Homework Statement
Find the absolute extrema of f(x) = e^-x * ln(lnx)
The Attempt at a Solution
Ive successfully taken the first derivative and set it to zero. The problem is checking the sign of 1/(xlnx) - ln(lnx)
No matter how I try to manipulate this, I cant seem to isolate x. Its...
Thats a good one (with nice geometer's sketchpad potential), but someone else is already doing it. So far, Ive found this:
Two poles, one 6 meters tall and one 15 meters tall, are 20 meters apart. A length of wire is attached to the top of each pole and it is also staked to the ground...
For a calc project, I am supposed to solve an interesting calculus word problem dealing with maximum and minimum values. The catch is that I cannot use my own book. Can anyone suggest a challenging optimization problem? So far, weve covered the problem with a person who must find the least time...
Im in pretty much the same situation, and it seems like the answer is electrical engineering. There are opportunities to specialize in signal processing, for example, at the grad level
Horizontal plane.
For anyone interested, I looked up the solutions, and they were able to simplify it greatly with the small angle approximations sin(theta)=theta and cos(theta)=1
Then the torque is -kL2theta, the acceleration is k/[2m]. Then they solved it in one magic step to get...
Homework Statement
A stick of length 2L and negligible mass has a point mass m affixed to each end. The stick is arranged so that it pivots in a horizontal plane about a frictionless vertical axis through its center. A spring of force constant k is connected to one of the masses. The system...
You can calculate the product of the masses with the given force and distance. Then because you know the sum, you have a system of 2 equations with 2 unknowns
Homework Statement
A freight elevator weighing 3000 pounds is supported by a 12 foot long cable that weighs 14 pounds per linear foot. Approximate the work required to lift the elevator 9 feet by winding the cable onto a winch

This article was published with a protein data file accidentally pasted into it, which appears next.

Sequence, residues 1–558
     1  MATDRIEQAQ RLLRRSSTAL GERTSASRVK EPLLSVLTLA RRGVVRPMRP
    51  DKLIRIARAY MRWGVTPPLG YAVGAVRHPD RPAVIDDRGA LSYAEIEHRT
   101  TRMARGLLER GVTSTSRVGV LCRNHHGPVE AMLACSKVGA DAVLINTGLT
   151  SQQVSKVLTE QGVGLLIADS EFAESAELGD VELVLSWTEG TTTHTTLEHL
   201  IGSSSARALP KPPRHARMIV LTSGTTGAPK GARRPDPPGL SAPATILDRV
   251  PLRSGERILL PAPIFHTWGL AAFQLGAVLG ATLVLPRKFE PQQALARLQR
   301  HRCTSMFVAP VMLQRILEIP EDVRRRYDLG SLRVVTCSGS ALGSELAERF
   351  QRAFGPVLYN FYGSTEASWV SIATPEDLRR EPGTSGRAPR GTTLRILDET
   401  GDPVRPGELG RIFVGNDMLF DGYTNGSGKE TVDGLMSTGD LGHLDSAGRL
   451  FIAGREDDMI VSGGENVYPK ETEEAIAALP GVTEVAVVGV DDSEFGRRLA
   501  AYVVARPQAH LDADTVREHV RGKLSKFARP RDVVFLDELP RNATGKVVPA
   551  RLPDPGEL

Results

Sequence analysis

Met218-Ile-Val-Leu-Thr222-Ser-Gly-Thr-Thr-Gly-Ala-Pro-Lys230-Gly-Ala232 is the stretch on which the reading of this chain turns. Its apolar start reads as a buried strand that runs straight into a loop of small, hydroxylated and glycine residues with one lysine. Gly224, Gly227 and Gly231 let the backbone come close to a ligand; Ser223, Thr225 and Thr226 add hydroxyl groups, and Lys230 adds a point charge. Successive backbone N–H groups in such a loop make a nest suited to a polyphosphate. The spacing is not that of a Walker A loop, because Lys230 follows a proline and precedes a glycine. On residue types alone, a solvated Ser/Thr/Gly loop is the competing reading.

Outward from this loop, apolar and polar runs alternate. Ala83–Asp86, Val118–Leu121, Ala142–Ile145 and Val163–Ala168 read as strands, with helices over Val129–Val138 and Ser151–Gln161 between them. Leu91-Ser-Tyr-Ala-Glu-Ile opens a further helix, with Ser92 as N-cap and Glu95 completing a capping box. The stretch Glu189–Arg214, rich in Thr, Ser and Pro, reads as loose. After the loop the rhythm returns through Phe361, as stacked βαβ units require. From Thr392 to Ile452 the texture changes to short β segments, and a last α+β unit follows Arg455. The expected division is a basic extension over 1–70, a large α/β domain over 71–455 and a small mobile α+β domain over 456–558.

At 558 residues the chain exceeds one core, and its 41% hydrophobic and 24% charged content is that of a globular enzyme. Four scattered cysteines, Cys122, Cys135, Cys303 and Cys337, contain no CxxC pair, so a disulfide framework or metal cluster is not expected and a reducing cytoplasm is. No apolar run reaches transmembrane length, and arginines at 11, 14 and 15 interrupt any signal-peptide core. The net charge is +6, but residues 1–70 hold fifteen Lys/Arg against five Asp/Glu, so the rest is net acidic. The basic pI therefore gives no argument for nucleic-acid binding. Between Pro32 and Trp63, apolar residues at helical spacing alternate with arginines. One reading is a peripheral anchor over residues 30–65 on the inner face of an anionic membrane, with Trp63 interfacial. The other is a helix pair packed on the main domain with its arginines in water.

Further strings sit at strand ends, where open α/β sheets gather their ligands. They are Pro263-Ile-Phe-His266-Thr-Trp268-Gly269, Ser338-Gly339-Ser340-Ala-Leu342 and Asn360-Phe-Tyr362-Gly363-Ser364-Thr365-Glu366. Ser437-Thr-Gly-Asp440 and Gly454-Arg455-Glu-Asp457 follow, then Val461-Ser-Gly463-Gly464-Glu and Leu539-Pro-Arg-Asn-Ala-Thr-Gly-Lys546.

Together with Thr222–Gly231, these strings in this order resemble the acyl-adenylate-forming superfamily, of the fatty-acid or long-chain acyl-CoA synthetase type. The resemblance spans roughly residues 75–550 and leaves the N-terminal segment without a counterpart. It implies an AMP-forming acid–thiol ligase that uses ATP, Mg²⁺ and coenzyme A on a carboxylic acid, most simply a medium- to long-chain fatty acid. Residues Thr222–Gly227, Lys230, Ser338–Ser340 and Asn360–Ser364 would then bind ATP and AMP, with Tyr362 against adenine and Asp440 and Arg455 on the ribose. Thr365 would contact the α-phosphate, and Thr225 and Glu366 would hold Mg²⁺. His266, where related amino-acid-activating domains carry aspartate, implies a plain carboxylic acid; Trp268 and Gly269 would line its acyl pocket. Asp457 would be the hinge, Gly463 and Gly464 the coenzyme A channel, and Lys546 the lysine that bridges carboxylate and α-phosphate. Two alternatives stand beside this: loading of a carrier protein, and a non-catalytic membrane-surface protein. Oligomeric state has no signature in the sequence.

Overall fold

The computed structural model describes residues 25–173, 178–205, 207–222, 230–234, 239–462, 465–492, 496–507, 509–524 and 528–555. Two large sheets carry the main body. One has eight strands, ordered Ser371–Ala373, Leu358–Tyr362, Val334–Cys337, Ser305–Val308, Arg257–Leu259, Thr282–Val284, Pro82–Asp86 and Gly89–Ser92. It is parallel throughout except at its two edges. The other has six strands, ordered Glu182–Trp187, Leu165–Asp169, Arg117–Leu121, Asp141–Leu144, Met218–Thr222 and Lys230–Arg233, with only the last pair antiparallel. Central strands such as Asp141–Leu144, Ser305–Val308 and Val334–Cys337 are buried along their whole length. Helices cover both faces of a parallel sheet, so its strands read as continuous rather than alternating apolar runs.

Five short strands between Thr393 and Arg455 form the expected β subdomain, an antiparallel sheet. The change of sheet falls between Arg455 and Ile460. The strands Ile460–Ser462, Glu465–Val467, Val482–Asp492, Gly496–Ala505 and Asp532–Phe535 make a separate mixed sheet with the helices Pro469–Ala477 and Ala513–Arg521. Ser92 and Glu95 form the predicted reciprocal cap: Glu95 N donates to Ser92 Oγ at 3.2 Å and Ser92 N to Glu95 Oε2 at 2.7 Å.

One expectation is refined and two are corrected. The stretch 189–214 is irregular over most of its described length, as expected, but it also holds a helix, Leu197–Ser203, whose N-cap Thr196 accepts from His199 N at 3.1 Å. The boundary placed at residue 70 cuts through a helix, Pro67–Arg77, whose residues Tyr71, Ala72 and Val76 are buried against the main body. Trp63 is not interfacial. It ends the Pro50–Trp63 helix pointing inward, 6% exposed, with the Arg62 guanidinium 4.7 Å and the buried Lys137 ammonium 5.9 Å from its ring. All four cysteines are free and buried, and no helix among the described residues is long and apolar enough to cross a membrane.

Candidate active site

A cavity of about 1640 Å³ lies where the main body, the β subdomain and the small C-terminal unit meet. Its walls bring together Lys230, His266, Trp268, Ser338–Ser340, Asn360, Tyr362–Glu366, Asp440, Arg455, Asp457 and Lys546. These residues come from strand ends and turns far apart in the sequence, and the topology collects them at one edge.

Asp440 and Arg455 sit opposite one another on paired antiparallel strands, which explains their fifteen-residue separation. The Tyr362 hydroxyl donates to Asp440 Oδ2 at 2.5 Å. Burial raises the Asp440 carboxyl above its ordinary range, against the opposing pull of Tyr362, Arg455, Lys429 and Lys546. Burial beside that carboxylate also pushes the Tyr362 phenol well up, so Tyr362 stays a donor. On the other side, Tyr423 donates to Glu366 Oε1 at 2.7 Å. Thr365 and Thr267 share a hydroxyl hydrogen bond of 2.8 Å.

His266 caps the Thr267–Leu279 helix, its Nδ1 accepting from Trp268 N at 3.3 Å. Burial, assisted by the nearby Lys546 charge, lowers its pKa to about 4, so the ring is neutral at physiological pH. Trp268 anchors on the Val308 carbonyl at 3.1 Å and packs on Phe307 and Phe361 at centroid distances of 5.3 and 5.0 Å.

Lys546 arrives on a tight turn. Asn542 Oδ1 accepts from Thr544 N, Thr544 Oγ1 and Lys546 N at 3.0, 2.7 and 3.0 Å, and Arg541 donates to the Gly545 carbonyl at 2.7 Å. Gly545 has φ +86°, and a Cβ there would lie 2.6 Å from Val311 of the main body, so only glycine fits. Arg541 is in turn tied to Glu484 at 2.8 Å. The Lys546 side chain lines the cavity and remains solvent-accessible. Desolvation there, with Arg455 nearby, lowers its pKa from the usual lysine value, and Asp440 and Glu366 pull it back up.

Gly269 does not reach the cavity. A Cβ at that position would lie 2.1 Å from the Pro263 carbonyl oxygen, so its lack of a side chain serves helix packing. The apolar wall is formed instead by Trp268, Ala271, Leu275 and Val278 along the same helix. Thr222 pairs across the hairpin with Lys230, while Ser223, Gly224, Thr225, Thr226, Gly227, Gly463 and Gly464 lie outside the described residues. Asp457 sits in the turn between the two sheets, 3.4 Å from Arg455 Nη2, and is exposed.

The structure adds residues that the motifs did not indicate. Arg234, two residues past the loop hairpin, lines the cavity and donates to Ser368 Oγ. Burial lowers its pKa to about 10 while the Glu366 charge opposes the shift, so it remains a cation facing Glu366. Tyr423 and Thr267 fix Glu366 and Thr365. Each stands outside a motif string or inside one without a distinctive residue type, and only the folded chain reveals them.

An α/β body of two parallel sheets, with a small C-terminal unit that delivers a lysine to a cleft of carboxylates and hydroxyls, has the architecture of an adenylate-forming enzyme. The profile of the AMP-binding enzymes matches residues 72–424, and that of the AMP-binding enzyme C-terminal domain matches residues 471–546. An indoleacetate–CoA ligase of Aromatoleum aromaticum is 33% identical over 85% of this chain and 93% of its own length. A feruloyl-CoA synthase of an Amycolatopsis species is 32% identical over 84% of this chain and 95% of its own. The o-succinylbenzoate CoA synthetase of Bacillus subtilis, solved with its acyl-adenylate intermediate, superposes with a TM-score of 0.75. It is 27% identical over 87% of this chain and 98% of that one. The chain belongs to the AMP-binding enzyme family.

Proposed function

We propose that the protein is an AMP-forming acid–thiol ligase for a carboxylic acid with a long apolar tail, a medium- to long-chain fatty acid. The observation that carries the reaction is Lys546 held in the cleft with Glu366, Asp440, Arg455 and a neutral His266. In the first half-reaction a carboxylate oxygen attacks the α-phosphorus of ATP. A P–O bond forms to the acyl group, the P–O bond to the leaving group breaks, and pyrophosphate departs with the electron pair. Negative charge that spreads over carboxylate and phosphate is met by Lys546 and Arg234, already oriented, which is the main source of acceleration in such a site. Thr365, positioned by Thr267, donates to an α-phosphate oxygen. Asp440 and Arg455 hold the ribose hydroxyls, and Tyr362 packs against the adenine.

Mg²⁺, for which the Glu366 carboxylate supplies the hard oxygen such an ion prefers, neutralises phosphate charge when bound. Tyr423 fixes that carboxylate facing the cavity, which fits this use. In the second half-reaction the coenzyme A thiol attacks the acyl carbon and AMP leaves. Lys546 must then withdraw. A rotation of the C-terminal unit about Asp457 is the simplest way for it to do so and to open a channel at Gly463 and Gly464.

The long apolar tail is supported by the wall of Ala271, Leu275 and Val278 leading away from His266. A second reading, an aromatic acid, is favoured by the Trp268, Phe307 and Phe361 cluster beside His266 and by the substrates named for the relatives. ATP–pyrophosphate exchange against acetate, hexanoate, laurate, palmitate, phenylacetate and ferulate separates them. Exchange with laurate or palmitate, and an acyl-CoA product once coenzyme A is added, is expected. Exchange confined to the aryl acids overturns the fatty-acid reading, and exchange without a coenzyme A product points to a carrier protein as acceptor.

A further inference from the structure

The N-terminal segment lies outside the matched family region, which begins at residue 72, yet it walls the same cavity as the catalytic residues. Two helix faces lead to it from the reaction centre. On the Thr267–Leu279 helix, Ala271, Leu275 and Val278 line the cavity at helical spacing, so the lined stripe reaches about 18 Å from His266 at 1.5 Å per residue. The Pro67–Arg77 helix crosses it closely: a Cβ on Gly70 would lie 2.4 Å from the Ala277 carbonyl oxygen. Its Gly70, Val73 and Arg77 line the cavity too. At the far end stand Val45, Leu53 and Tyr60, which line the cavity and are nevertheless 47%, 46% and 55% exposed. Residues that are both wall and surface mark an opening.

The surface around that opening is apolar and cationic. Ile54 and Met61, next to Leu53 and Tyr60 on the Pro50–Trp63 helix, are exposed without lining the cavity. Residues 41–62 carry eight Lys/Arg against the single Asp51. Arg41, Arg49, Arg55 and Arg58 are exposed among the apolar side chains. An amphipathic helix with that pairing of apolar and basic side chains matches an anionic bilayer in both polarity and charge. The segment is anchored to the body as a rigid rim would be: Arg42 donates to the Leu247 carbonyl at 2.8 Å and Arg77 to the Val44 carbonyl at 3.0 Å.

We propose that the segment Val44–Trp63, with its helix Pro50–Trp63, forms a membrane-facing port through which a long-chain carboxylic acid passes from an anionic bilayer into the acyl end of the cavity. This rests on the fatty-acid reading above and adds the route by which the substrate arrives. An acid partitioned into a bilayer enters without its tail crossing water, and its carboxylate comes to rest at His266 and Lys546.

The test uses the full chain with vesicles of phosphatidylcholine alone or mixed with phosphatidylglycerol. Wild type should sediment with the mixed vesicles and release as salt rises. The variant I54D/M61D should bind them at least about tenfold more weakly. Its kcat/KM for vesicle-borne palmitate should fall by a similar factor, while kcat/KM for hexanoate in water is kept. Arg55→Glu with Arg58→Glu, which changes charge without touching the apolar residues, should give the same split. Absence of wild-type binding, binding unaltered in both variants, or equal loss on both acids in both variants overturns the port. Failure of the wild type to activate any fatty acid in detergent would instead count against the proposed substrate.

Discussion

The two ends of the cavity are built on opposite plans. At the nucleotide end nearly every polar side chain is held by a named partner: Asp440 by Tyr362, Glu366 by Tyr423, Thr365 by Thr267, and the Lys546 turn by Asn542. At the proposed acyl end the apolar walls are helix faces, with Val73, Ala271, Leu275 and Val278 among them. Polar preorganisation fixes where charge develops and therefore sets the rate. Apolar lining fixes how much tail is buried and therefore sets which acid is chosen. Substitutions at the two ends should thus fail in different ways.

Homework Equations
W = int(f)dy
The Attempt at a Solution
The...
No, the negative is correct. In a related rates problem, negatives are very important. If dD/dt wound up negative, the distance would be decreasing
The only thing I can think of is that your book may want the magnitude of the particle's velocity. dx/dt is the horizontal component and dy/dt is...
The trick is to pick a temporary delta neighborhood (remember your temporary delta) and bound your function. Bound the numerator and denominator separately, remembering the archemidian principle for the denominator. Youll come up delta being less than epsilon times a coefficient as usual. But...
With calculus you can show that the given line and the line tangent to the circle at the single intersection point are one and the same. But all you need to do is prove that there is only one intersection
For an angle in standard position (between the x axis and force vector), sine will give the y component and cosine will give the x component. You have to be careful if the question says something like "20 degrees west of north", but here they state each angle is in standard position
APB is more general and covers many more areas like thermo, nuclear physics, and optics. None of it is too challenging, but its probably not in your textbook. APC goes very in depth on two subjects: mechanics and E&M. If you dont want to buy another textbook, you should get some sort of AP guide...
The APC exams test your knowledge of physics, not calculus. If youre motivated, youll be able to do well on the mechanics exam with little calc background.
BTW theres no need to take math 1 and 2 SATIIs. Its typically one or the other. Math 2 usually has a fair amount of trig. When colleges say...
I wouldnt try the Calc BC exam this year with no knowledge of precalc (exponential and trigonometric functions). Try to get into a precalc class to prepare you for next year. If you feel ambitious, start to look up the beginnings of limits and derivatives on your own, but dont take a whole class
The two objects rotate around the center of mass of the system. In this case, the objects have the same mass so the COM is at the geometric center of the system. r doesnt equal the seperation distance, but the distance from the center of mass of the system